Can Democratic Innovations Reconcile Citizens with Representative Institutions?

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Pierre-Etienne Vandamme
Palgrave Macmillan
Acta Politica


Can democratic innovations (DIs) offer a cure for the widespread loss of support for electoral institutions? This widely held assumption among advocates of DIs should be questioned more thoroughly. Insufficient attention has been paid so far to the impact of different types of DIs on electoral legitimacy, defined as the support for the principles grounding electoral representation. What is at stake is the compatibility and equilibrium between different parts of the new democratic systems that are developing in many political contexts.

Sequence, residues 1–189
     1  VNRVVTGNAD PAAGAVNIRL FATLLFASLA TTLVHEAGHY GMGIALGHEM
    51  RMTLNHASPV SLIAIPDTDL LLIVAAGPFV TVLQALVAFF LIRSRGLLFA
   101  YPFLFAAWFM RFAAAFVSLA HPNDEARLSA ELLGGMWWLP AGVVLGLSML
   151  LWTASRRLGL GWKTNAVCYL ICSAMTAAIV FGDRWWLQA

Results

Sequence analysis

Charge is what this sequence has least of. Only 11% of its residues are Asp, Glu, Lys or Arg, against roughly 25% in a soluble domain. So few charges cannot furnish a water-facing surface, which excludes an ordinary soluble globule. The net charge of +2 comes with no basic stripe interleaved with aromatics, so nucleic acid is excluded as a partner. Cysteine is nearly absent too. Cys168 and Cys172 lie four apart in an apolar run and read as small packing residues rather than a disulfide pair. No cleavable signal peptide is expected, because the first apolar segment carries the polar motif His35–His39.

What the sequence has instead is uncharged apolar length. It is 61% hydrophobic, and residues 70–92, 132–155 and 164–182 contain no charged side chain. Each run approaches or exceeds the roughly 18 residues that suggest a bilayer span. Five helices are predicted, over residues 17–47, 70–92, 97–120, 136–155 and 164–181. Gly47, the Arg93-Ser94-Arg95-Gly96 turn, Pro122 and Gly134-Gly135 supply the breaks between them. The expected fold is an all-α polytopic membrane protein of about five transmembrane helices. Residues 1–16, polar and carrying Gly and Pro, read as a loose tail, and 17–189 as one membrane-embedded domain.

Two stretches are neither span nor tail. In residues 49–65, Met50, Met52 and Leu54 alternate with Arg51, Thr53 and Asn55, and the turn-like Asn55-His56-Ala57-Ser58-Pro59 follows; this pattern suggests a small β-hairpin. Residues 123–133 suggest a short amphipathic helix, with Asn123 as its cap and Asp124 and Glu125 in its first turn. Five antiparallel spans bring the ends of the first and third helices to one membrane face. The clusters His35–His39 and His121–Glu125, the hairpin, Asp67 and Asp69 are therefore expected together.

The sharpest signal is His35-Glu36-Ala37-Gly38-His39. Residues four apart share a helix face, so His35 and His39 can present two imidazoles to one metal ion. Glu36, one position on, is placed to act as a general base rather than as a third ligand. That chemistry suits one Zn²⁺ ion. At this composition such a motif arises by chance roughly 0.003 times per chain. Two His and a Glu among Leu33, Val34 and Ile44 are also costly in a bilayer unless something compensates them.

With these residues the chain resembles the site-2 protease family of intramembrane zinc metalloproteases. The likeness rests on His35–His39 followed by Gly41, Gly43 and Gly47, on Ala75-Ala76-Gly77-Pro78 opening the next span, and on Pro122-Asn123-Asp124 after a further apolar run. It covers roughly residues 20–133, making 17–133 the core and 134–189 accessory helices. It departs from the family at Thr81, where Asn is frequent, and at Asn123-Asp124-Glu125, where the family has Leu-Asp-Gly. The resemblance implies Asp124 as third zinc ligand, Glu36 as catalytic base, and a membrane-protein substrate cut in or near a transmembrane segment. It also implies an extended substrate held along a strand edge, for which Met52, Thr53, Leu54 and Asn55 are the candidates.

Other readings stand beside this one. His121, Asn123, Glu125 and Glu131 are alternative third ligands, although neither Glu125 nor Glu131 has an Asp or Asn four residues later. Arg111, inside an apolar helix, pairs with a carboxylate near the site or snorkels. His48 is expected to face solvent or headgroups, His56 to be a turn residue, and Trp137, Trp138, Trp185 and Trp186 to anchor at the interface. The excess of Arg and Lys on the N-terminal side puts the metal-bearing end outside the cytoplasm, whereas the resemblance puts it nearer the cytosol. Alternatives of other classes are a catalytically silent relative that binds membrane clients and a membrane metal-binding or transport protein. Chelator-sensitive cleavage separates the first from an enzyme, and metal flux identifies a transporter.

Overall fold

To address this issue, the article offers an innovative typology, distinguishing five types of DIs based on their relationship with traditional representative institutions. This allows to identify DIs that do have the potential to strengthen electoral legitimacy (initiative, recall, abrogative referendums, deliberative town-halls) from others overtly attacking it (lottocracy, liquid democracy) or potentially challenging it (citizen-initiated referendums and empowered citizens’ assemblies). The article shows that it is not because an innovation is conceived as complementary to electoral representative institutions that it cannot challenge the latter’s foundations. Finally, it identifies several issues on which empirical knowledge is lacking, opening perspectives for future research.